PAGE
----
“There is every possibility that in 18 months my design will be dismantled, but that’s what my business is – the people living here want to be bang on trend,” Sarah says. “It’s not a forever home, so we don’t clutter it, we put in just a few beautiful things.” Cue, a bed that sells for up to £350,000 and a feature light installation the cost of which Sarah refuses to disclose.

The episode may poke fun at it, but as our readers know there is a market in Manchester for high-rise, high-density PRS development sold in bulk to institutional investors – to which West Tower’s architect Ian Simpson can attest. “This is the capital of the Northern Powerhouse and it needs to be reinforced in that way – like New York City – and tall, mid-sized and low-rise buildings all play their role.”

Sarah agrees: “I used to look at these blocks and think I wouldn’t want to live in them. But now I recognise that they offer so much more than just a living space, they offer a completely different way of living.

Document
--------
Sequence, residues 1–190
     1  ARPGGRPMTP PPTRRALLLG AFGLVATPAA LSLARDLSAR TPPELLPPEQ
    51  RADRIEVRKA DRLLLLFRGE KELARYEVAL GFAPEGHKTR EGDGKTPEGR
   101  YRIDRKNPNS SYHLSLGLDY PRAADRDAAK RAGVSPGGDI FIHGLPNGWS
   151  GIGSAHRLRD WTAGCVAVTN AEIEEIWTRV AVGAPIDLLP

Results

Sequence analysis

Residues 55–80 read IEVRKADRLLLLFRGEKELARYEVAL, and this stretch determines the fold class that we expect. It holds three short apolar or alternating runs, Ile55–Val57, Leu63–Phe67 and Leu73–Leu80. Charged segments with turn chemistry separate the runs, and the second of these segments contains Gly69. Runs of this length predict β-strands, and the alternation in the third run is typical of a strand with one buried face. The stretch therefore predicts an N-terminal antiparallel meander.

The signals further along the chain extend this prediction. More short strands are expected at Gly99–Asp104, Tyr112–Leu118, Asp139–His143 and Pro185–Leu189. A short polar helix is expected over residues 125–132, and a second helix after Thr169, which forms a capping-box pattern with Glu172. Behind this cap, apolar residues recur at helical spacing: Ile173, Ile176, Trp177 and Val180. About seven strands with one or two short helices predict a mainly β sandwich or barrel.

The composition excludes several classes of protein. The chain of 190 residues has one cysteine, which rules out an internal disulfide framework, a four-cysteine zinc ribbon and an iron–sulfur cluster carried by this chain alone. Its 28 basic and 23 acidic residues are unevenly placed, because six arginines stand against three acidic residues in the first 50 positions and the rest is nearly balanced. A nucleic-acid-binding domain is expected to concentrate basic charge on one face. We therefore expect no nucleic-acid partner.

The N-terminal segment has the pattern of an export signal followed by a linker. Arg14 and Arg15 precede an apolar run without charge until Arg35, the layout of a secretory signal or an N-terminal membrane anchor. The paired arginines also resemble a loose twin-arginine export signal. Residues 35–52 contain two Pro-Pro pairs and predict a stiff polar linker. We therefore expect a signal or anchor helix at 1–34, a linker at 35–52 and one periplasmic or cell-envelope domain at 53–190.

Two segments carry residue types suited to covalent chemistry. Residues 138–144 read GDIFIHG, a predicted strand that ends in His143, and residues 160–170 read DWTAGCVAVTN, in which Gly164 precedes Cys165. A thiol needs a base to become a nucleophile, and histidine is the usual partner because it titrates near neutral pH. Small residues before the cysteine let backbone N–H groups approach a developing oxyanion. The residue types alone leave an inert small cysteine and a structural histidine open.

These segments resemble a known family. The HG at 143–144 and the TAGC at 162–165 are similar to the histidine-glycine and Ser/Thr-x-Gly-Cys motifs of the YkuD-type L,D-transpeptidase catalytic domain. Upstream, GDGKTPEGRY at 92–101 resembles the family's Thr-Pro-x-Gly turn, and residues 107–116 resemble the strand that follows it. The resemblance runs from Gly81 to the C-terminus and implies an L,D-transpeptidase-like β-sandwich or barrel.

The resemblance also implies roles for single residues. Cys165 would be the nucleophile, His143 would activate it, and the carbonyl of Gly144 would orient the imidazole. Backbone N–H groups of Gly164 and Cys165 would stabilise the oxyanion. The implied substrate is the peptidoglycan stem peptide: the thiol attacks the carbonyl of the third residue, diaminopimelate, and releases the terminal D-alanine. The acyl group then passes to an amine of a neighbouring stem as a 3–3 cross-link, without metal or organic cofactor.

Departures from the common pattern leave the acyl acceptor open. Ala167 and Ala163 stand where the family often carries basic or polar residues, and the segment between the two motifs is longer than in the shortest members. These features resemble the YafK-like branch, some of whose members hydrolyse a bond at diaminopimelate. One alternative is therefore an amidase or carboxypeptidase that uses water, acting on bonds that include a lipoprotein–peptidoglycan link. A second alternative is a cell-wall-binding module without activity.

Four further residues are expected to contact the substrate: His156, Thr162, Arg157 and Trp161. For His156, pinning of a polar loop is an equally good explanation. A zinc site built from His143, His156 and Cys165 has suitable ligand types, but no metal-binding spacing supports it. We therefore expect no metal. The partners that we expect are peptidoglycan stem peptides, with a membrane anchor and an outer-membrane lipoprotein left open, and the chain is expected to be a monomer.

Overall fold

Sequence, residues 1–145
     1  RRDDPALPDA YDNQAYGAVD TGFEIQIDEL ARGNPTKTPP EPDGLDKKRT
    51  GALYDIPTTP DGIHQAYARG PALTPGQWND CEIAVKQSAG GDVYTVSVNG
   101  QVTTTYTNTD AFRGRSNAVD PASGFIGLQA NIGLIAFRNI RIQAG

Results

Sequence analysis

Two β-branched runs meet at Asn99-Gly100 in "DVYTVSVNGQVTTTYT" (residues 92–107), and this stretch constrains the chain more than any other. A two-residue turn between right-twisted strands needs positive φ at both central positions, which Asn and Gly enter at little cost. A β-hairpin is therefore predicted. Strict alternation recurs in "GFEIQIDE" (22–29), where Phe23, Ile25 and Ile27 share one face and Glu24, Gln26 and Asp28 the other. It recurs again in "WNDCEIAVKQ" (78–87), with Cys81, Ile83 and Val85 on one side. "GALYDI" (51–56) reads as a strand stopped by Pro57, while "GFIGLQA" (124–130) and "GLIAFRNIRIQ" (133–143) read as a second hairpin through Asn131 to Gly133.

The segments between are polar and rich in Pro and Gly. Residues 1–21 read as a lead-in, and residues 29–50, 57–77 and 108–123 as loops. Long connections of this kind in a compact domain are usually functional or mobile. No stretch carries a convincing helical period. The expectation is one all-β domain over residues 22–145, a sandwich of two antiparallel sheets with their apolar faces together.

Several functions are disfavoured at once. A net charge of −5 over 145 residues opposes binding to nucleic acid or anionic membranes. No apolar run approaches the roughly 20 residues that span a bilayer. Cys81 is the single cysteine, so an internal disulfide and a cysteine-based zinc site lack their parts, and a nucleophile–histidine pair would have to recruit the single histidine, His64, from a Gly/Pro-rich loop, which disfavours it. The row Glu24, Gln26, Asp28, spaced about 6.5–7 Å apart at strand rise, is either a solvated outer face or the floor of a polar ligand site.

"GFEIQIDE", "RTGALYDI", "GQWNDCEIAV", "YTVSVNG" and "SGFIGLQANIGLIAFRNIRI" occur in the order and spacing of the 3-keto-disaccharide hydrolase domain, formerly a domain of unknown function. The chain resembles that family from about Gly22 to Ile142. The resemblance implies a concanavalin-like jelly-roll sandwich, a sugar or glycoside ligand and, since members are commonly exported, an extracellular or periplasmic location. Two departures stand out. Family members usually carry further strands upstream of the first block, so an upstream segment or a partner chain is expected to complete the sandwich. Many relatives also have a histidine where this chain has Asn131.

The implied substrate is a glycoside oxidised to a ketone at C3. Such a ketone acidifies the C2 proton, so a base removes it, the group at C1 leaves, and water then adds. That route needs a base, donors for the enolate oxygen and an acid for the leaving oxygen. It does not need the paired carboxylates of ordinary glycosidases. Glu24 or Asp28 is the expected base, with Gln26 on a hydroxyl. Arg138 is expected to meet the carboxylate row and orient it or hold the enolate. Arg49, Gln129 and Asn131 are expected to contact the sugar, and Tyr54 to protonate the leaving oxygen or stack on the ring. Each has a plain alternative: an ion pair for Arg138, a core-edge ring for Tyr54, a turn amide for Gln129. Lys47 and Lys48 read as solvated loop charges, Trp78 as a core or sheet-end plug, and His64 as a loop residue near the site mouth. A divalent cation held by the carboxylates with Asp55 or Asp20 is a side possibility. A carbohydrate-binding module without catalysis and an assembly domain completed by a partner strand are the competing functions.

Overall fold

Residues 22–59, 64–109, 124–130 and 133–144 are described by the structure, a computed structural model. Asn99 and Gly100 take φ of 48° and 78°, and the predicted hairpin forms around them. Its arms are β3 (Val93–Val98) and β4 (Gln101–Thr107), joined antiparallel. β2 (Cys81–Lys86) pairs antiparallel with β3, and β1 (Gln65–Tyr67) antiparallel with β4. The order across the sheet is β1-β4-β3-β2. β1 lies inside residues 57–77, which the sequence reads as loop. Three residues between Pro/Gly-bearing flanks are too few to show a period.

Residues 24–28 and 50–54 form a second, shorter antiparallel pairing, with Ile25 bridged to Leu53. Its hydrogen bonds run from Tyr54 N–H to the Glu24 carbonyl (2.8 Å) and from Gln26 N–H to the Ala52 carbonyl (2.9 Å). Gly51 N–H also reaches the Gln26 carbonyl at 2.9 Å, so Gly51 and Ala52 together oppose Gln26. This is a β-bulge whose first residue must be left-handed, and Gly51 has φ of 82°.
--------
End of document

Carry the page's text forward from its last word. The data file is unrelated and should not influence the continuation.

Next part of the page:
“Not everyone wants the constraints of having a mortgage and living in a house with a garden, they want flexibility and somewhere they can just walk out of the door and be in the heart of the city with everything it has to offer.”

Collyhurst Street View Fec Manchester City Council March 20202

Far East Consortium wants to build 330 homes in Collyhurst, which could see Anne lose her home

Collyhurst resident Anne and her friend Donna, who are fighting to learn more about the possible demolition of their homes under the Northern Gateway masterplan, are not so sure. For them, the high-rise boom represents the “greed” of developers and investors, and the death of the cosy communities they have lived in for decades and know and love.